“You will seek me and find me when you seek me with all your heart” (Jeremiah 29:13)
I remember the sign on the men’s dorm wall during my freshman year at a Christian college.
A spiritual disciplines checklist was posted for us to keep track of our “progress” (monitored by a well-meaning resident assistant). I am wired for variety, not daily routines, and I felt ashamed every time I missed checking off the boxes in the “Jim J.” section: daily devotional time, prayer, fellowship, witnessing, tithing. (At least I got tithing – 10% of 0 income.)
I felt ashamed that I wasn’t measuring up, even to the point of checking boxes just so no one would know that I wasn’t making very good Christian progress. Good thing there was no check-box about honesty.
It was years later that a wise older friend and mentor taught me about true spiritual discipline. We laid aside the Bible study workbooks that had helped bring fulfillment to other men with whom he had met but had only frustrated me. He challenged me not to the discipline of a method but to the discipline of pursuing intimacy with God according to the way God wired me. I was no longer ashamed that I didn’t have a typical daily devotional time. I felt graceful permission to grow in spurts.
While commitment to the principle of understanding God’s love and truth is important, commitment to a particular method for spiritual growth may even be a hindrance. Many of the religious leaders of Jesus’ day had rigorous spiritual practices, which became their idol and actually hardened their hearts to true matters of faith. A one-size-fits-all, “this is the right way to do it” approach to faith has left many followers of Christ discouraged and ultimately frustrated about pursuing a vital faith journey.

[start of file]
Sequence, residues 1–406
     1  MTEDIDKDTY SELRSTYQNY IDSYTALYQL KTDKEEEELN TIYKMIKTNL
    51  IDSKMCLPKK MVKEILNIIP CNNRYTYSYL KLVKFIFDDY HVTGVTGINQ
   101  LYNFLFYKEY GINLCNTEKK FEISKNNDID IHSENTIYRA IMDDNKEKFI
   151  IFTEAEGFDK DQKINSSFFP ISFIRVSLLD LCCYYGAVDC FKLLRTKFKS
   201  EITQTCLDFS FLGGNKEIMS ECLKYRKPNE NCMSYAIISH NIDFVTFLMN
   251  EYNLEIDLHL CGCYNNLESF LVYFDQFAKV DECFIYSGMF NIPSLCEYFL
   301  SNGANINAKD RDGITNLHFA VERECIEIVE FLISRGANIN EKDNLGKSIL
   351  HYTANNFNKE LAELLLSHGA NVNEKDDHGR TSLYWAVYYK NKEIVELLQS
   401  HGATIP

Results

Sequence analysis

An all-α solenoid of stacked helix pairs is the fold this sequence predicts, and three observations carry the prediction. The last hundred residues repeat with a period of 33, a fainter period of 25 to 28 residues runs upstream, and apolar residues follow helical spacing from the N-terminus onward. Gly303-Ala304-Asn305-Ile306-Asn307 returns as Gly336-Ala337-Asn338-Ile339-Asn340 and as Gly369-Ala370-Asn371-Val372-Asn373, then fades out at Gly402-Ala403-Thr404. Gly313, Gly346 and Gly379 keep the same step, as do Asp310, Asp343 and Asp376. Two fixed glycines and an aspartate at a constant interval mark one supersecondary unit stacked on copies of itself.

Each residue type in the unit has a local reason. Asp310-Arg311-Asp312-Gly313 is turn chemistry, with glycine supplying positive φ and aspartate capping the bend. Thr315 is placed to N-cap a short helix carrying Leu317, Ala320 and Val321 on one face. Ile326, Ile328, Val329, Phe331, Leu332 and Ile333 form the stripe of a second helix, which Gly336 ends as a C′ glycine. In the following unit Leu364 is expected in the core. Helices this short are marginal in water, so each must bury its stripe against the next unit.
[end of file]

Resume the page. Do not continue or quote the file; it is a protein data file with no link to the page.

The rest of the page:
The authors of Soultypes write, “Each psychological type has a unique slant on spirituality.” Nurturing my love relationship with God may happen through any variety or combination of regular devotional or Scripture reading, meditation, journaling, retreats, small groups, mentorship, etc. Some people thrive on singing or writing worship music or other creative expressions of their faith, enjoying God in nature, serving those less fortunate. The possibilities are as endless as the individuality of people.
Aspects of the experience, such as a sense of accomplishment, learning, creativity, stimulating conversations, etc., may substitute for actual growth in God’s love. Whatever the practice is, I can ask myself, “Does this really help me to better receive and respond to God’s love?”
When I deepen my love for God in my own unique way, I can help others in my family to seek God according to their individuality. I can encourage them in all the possibilities and trust God to guide them. This models to them that spiritual practices must be meaningful and relevant for the purpose of loving God, and not for the purpose of impressing anyone, including myself!
Apply It Now:
- Considering all the possibilities that I can think of, what practices might best help me to experience God’s love?
- How might I develop these practices further? (Those who are new to this concept can start small and ask God for guidance.)
This post is an excerpt from our book, How to Grow a Connected Family.